Oil slid as investors waited to see if U.S. government data will confirm that crude stockpiles rose last week, and as the International Energy Agency warned of a ceiling for prices next year.
Futures lost 0.9 percent in New York after climbing 4.1 percent in the previous three sessions. Inventories rose by 3.1 million barrels last week, the American Petroleum Institute was said to report. Energy Information Administration data Thursday is forecast to show stockpiles dropped for a third week. Global supply and demand estimates for 2018 indicate that stockpiles may not fall further, potentially capping prices, according to the International Energy Agency.
Oil is up this week after the biggest weekly loss since May amid speculation output curbs led by members of the Organization of Petroleum Exporting Countries are gradually offsetting rising global production. Crude supply continues to exceed demand and markets are not re-balancing yet, according to IEA Executive Director Fatih Birol.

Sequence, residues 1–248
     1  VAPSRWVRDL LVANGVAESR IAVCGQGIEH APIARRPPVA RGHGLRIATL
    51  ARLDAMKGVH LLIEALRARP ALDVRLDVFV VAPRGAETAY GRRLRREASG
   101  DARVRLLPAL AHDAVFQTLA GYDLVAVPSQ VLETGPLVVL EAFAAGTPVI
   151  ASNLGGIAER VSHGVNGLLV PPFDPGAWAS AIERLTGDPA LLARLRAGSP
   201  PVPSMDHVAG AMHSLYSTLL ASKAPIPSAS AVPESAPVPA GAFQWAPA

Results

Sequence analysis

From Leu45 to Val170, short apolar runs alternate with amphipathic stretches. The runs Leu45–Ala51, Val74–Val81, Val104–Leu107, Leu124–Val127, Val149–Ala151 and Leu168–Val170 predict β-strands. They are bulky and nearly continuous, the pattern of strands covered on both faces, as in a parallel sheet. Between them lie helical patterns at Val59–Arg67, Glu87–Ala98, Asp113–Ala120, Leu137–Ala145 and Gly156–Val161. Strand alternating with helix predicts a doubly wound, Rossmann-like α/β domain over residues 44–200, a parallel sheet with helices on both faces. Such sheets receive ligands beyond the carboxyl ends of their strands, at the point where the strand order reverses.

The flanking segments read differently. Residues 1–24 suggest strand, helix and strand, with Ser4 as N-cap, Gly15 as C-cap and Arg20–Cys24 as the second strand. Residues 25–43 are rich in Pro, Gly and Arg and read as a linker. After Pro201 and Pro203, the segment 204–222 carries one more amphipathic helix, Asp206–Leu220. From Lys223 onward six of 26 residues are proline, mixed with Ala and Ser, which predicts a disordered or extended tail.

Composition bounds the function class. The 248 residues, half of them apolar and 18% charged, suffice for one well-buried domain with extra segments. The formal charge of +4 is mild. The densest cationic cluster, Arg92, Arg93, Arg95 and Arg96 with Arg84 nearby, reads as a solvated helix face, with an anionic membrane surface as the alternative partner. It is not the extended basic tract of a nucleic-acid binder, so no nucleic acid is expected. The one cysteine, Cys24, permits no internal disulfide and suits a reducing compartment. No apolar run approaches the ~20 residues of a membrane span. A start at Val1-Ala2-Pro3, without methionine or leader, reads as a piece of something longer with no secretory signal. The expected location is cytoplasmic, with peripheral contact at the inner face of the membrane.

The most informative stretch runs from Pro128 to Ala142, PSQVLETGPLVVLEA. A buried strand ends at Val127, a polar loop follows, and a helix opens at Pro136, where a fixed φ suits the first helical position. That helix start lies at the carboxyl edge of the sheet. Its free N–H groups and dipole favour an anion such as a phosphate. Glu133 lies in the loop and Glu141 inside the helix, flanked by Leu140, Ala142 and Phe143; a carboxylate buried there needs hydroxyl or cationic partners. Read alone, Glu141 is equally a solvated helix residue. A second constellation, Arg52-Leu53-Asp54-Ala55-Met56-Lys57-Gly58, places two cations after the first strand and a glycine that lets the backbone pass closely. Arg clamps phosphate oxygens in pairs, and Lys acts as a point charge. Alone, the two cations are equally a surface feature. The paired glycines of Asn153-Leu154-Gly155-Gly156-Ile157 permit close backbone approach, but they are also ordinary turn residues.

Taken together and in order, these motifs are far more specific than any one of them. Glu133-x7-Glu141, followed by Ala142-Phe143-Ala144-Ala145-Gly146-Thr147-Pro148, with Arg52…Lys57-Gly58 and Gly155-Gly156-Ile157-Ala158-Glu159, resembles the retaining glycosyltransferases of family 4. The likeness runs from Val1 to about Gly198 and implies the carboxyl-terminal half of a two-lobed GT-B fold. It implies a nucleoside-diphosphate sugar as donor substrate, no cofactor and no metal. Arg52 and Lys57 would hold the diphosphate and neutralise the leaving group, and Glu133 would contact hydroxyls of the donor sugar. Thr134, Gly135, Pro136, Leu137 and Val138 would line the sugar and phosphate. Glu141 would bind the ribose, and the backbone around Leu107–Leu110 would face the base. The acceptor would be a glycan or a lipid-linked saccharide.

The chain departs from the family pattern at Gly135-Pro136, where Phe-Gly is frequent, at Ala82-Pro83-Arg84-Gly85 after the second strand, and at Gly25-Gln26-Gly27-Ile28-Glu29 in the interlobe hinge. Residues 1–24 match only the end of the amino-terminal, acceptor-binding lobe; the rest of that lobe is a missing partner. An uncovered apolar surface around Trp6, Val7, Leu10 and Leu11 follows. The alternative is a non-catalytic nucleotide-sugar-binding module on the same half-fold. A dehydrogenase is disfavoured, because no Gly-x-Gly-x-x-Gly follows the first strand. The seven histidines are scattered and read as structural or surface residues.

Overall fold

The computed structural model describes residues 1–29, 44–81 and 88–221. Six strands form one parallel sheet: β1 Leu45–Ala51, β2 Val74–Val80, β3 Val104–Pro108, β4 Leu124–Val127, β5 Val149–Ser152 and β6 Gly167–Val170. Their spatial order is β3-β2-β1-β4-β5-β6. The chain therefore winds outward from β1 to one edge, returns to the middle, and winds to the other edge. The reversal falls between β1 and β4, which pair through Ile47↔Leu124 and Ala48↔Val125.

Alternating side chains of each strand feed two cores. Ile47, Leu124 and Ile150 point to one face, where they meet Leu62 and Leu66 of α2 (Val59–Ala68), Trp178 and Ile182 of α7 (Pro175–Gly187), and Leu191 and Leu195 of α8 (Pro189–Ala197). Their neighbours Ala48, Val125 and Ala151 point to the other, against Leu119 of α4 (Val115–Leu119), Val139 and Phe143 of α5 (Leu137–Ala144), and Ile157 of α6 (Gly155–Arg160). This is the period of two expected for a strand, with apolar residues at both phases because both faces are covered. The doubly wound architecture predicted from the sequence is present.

“According to the IEA’s calculation, at the current level of OPEC production there will be no global stock draws next year,” said Olivier Jakob, managing director of consultants Petromatrix GmbH in Zug, Switzerland. “If the IEA is right, then markets will continue to trade in the narrow” price band seen recently.
West Texas Intermediate for November delivery was at $50.82 a barrel on the New York Mercantile Exchange, down 48 cents, at 10:59 a.m. in London. Total volume traded was about 44 percent below the 100-day average. Prices gained 38 cents to $51.30 on Wednesday, the highest in more than a week.
Brent for December settlement declined 29 cents to $56.65 a barrel on the London-based ICE Futures Europe exchange. Prices added 33 cents, or 0.6 percent, to $56.94 on Wednesday. The global benchmark crude traded at a premium of $5.53 to December WTI.
Global oil stockpiles will fall this year by 300,000 barrels a day as stronger demand and output curbs by OPEC and Russia whittle away a surplus, the IEA said Thursday in its monthly report. Still, even if the producers decide to continue with the cuts next year, surging supplies from the U.S. and elsewhere will prevent inventories dropping further.
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